How animals learn is one of the most studied phenomena in the history of cognitive science, and yet how to apply these learnings is not always clear cut. Much like humans, dogs carry embedded instincts and rich memories—from their evolution and the inherent drive for survival, to getting scolded for something they did but didn’t understand a mere week ago.
Socialization should begin as soon as you get your puppy and often this means at 7 weeks of age. Puppies naturally accept new people, other species and introduction to new situations during the socialization period which occurs between 7 and 14 to 16 weeks of age. This period provides an opportunity for a myriad of introductions that will provide positive memories that last a life time. Puppies are eager, exploratory and uninhibited during this period and it is important to take advantage of this enthusiasm. Be sure to protect your puppy during this period and ensure that all experiences are positive, fun and not fear evoking.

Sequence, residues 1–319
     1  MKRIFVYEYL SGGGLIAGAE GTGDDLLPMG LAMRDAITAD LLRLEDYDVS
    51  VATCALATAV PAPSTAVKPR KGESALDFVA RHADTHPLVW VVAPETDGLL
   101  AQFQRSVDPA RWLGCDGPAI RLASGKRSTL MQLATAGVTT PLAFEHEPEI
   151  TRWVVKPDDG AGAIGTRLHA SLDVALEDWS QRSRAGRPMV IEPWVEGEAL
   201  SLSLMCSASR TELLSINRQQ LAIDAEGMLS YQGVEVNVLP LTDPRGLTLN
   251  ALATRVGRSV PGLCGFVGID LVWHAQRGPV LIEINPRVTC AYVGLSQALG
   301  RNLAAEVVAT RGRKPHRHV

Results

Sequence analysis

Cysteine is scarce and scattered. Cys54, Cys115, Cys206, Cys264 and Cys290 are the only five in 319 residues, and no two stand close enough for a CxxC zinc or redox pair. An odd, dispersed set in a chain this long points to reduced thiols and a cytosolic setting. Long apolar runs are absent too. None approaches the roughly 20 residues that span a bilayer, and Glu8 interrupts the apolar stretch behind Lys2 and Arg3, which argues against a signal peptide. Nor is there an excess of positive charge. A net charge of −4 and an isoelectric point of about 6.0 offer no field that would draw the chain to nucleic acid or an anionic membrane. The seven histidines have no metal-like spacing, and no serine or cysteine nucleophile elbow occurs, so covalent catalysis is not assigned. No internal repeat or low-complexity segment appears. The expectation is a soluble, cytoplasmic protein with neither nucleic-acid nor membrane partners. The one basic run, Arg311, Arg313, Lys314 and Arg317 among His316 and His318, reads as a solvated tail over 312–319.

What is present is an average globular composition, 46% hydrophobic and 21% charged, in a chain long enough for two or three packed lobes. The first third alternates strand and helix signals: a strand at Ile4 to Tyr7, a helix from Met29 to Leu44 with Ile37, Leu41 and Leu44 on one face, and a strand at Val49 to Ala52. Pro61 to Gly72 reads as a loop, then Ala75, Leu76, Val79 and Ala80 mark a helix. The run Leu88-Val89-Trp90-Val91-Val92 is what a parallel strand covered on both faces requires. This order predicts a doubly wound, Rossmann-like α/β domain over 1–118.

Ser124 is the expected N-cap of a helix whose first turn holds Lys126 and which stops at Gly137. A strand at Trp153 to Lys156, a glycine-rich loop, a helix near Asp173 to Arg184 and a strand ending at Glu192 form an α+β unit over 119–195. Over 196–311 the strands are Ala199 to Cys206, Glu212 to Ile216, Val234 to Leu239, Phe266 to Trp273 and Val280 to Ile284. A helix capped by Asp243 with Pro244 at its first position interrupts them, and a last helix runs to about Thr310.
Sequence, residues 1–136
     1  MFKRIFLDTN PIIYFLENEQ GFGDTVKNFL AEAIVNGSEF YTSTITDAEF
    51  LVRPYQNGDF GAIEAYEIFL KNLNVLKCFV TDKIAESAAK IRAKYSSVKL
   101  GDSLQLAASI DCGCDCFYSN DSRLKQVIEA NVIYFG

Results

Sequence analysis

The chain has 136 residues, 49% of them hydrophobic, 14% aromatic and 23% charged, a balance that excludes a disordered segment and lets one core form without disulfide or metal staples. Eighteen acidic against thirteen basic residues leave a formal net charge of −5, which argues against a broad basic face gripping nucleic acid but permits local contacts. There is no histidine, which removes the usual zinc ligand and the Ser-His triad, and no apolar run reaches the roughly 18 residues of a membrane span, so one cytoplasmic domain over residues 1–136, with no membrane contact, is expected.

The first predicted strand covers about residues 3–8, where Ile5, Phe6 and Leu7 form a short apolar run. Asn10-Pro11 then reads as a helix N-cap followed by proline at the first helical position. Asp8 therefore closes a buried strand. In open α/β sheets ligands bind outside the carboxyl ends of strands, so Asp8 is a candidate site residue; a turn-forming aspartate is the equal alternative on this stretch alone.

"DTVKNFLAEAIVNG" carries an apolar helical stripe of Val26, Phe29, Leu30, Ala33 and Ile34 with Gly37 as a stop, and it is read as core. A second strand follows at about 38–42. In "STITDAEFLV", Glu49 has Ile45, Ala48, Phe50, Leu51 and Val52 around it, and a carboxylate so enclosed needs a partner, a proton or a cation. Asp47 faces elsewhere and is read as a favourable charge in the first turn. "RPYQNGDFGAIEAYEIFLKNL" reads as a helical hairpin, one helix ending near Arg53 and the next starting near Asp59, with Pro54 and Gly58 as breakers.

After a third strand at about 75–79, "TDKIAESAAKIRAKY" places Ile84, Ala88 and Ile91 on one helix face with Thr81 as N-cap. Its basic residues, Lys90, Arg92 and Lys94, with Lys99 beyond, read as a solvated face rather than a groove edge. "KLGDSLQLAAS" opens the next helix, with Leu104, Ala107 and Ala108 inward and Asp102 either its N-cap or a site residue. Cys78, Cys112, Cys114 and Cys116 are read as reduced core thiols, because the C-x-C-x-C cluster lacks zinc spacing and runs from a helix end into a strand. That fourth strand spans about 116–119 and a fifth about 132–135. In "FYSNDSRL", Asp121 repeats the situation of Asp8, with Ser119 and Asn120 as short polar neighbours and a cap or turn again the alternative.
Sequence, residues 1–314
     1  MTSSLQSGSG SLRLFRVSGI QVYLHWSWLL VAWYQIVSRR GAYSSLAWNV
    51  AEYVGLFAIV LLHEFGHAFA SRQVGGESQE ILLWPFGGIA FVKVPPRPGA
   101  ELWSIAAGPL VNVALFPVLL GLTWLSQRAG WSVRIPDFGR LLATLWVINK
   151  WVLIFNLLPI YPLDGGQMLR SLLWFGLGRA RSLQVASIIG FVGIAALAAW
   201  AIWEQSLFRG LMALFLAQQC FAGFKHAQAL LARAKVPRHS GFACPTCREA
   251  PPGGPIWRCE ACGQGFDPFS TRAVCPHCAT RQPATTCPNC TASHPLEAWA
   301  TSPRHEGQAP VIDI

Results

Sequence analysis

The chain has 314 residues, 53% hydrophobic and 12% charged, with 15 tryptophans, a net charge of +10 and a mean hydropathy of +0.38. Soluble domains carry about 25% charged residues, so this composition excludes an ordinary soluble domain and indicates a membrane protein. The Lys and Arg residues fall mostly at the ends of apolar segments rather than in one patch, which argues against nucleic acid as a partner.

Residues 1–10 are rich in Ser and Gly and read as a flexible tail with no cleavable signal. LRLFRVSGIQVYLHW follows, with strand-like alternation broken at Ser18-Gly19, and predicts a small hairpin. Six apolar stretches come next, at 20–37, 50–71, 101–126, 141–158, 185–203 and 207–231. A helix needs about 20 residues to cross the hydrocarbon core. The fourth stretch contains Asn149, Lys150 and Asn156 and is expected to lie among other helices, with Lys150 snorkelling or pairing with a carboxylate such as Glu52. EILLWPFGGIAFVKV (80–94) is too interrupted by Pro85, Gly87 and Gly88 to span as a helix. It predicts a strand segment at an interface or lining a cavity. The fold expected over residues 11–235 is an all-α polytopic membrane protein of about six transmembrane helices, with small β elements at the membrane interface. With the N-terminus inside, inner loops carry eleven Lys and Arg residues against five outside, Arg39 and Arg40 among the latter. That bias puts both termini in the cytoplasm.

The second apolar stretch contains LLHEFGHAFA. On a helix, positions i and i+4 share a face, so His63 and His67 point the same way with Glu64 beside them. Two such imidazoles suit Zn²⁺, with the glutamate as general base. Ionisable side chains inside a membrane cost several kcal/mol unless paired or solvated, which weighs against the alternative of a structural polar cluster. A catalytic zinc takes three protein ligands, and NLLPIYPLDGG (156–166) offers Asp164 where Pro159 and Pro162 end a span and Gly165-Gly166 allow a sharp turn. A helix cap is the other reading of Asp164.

At first you are going to let the puppy see the food in your hand so that you will have her attention and can use it to guide her into position. As your puppy begins to comply more readily, you can start to hide the food in your hand, but give the command and repeat the motion or signal that she has learned to follow. Soon the puppy will come to expect the treat each time she performs the task. Then, signal and give the command, but when she performs the task, reward only with praise and give the puppy an affectionate pat. Next, you can begin to vary the frequency, giving praise with “good dog” and perhaps patting each time, but giving the food randomly, perhaps every 3 or 4 times. In time, the puppy should respond to either the hand signal or the command.